Tale of the Tape: Mind Games- Ear Blowing vs Untying Shoelaces
Mind Games: a series of deliberate actions or responses planned for psychological effect on another, typically for amusement or competitive advantage.
Sports are 90% mental. Athletes will attempt to get into their opponent’s head in various ways, whether that’s just playing well or using their imagination to get away with something different.
Pacers guard Lance Stephenson was thinking outside the box when he decided to blow into LeBron James ear during the game 5 win over the Heat.
Earlier in the season, New York Knicks J.R Smith was attempting to play some mind games when he decided to untie the shoelaces of Dallas Maverick’s Shawn Marion. Might I add, there were multiple times in the season Smith untied his opponent’s shoelaces.
Who played the better mind game?
Stephenson has no fear guarding the best player in the NBA but he had to think of another way to stop James from dominating. LeBron sat out most of the game due to foul trouble, not due to an ear injury. Pacers got the win, 93-90.
||The Mental Advantage
Zero advantages, Marion bent down, tied his shoelaces back up and continued to play. This tactic didn't go unnoticed but mentally Marion wasn't distracted.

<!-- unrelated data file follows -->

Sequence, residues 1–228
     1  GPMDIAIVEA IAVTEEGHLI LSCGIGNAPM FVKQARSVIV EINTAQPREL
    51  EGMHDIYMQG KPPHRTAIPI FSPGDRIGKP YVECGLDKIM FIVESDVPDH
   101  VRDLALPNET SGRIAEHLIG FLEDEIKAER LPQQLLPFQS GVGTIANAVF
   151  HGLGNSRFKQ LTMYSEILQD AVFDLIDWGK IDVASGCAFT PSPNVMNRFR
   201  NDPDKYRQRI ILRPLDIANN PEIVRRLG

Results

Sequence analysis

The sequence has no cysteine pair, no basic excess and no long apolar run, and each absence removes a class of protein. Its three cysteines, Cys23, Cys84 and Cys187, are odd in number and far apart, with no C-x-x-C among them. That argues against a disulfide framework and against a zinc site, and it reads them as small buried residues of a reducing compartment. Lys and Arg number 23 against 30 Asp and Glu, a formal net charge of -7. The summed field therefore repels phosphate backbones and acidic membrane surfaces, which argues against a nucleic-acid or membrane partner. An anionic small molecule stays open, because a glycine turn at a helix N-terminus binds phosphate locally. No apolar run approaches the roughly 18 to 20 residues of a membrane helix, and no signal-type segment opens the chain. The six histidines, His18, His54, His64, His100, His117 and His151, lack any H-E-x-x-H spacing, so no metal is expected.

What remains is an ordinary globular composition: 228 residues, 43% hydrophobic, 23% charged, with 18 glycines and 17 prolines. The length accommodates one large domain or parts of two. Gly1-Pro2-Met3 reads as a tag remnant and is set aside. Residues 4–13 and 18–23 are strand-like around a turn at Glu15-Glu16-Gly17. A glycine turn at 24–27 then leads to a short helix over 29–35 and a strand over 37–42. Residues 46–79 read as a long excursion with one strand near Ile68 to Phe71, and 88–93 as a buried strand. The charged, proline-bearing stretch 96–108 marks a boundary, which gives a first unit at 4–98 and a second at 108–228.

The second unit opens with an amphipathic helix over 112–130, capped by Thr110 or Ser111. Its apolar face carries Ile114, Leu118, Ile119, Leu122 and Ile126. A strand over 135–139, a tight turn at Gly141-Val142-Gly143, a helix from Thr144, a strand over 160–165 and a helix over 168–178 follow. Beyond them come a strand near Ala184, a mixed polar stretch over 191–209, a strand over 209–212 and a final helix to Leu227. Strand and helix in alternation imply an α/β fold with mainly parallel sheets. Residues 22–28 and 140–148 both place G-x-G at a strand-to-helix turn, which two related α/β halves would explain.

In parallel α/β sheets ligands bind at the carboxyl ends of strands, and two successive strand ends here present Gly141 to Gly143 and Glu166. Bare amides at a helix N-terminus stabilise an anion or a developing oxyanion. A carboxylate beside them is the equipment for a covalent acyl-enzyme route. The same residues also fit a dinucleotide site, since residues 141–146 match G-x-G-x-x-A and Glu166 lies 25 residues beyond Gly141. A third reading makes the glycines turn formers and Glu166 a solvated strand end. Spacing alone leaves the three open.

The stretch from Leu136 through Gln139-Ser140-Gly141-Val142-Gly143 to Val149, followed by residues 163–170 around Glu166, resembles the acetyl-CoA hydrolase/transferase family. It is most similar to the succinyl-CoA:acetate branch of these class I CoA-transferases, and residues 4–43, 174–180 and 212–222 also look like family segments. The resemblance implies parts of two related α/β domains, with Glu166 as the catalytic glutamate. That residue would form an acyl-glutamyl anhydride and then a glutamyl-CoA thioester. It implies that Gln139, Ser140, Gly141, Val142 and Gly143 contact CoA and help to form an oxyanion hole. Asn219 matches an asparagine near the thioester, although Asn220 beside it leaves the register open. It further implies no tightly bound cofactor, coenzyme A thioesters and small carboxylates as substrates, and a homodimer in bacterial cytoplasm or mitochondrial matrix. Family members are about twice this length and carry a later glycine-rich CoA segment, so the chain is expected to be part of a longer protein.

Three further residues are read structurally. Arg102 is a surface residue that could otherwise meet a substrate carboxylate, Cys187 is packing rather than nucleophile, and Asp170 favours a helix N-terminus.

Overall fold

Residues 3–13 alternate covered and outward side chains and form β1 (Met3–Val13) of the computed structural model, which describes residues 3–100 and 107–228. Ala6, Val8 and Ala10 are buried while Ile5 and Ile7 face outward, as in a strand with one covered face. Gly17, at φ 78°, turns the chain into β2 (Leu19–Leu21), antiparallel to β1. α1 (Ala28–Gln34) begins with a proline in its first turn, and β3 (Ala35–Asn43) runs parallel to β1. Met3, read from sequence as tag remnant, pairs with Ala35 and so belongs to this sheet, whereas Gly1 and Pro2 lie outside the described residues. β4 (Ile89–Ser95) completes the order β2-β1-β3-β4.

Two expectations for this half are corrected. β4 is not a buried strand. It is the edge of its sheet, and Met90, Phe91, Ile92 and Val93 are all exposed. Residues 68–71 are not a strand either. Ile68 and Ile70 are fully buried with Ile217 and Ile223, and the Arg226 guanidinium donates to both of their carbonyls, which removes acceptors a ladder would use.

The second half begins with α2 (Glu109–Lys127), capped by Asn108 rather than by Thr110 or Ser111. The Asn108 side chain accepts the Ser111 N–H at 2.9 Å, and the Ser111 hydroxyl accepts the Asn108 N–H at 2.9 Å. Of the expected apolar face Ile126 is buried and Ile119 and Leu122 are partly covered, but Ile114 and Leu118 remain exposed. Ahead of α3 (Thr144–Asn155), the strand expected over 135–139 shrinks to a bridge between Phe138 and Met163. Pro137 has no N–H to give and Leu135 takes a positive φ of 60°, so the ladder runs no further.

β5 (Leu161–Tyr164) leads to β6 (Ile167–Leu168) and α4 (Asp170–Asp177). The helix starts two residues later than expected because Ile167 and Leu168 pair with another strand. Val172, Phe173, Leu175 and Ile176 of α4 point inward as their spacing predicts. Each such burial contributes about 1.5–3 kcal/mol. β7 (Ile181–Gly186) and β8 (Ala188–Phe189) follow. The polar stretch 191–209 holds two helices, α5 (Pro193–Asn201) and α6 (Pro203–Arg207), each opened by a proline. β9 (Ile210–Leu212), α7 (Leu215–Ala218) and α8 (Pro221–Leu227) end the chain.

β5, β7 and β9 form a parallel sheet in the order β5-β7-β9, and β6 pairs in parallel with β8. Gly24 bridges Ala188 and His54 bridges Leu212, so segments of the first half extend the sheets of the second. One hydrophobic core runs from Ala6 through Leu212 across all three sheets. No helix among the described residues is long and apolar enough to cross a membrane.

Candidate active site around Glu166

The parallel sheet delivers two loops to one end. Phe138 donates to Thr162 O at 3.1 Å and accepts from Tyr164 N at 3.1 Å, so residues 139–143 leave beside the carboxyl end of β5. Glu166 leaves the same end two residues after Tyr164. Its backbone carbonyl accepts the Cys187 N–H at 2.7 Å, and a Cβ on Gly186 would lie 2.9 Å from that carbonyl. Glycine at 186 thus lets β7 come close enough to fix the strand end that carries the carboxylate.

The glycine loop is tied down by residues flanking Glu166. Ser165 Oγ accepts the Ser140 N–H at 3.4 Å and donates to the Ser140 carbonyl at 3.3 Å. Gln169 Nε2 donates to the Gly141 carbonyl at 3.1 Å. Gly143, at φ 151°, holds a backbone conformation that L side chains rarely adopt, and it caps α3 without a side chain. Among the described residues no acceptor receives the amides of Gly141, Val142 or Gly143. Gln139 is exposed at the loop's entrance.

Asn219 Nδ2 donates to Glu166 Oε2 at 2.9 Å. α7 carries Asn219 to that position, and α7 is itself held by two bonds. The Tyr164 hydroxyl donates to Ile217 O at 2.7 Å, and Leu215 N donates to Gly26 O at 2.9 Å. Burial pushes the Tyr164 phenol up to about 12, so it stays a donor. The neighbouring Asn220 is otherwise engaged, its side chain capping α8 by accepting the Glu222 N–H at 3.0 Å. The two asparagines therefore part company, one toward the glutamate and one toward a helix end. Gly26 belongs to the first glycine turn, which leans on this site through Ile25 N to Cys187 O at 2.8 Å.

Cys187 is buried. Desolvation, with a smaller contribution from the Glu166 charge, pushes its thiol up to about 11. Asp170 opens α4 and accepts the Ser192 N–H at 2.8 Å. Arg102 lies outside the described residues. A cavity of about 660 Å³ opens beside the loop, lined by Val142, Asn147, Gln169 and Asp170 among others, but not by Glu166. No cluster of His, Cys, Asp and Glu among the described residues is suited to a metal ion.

Stephenson was not fined for his ear blowing tactic, instead he is just being criticized by the entire sports media world.
Smith was fined $50,000 for his recurring instances of unsportsmanlike conduct of untying shoelaces. Smith had an abysmal season and had no room for negative attention. He's been fined at least $910,000 in his career.
Ear blowing originates in the early teenage stages, whether a kid thinks they're flirting with their crush or joking around with their friend.
||The Maturity Level
Untying shoelaces started for children between the ages of 5 and 7. Younger than that, children wear velcro straps on their shoes.
Smith is 28 years old.
The winner is